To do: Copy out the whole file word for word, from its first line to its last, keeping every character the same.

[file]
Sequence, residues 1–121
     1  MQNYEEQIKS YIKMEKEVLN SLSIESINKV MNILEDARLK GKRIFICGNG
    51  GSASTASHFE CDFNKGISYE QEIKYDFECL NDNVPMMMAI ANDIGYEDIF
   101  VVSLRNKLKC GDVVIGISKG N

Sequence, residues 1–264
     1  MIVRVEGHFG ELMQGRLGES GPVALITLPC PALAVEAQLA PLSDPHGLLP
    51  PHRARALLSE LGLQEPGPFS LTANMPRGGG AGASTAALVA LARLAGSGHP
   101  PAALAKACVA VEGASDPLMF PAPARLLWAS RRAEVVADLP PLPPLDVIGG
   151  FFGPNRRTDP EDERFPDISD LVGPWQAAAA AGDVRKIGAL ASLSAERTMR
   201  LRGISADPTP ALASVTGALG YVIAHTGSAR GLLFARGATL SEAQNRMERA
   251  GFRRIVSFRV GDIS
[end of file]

Sequence, residues 1–121
     1  MQNYEEQIKS YIKMEKEVLN SLSIESINKV MNILEDARLK GKRIFICGNG
    51  GSASTASHFE CDFNKGISYE QEIKYDFECL NDNVPMMMAI ANDIGYEDIF
   101  VVSLRNKLKC GDVVIGISKG N

Sequence, residues 1–264
     1  MIVRVEGHFG ELMQGRLGES GPVALITLPC PALAVEAQLA PLSDPHGLLP
    51  PHRARALLSE LGLQEPGPFS LTANMPRGGG AGASTAALVA LARLAGSGHP
   101  PAALAKACVA VEGASDPLMF PAPARLLWAS RRAEVVADLP PLPPLDVIGG
   151  FFGPNRRTDP EDERFPDISD LVGPWQAAAA AGDVRKIGAL ASLSAERTMR
   201  LRGISADPTP ALASVTGALG YVIAHTGSAR GLLFARGATL SEAQNRMERA
   251  GFRRIVSFRV GDIS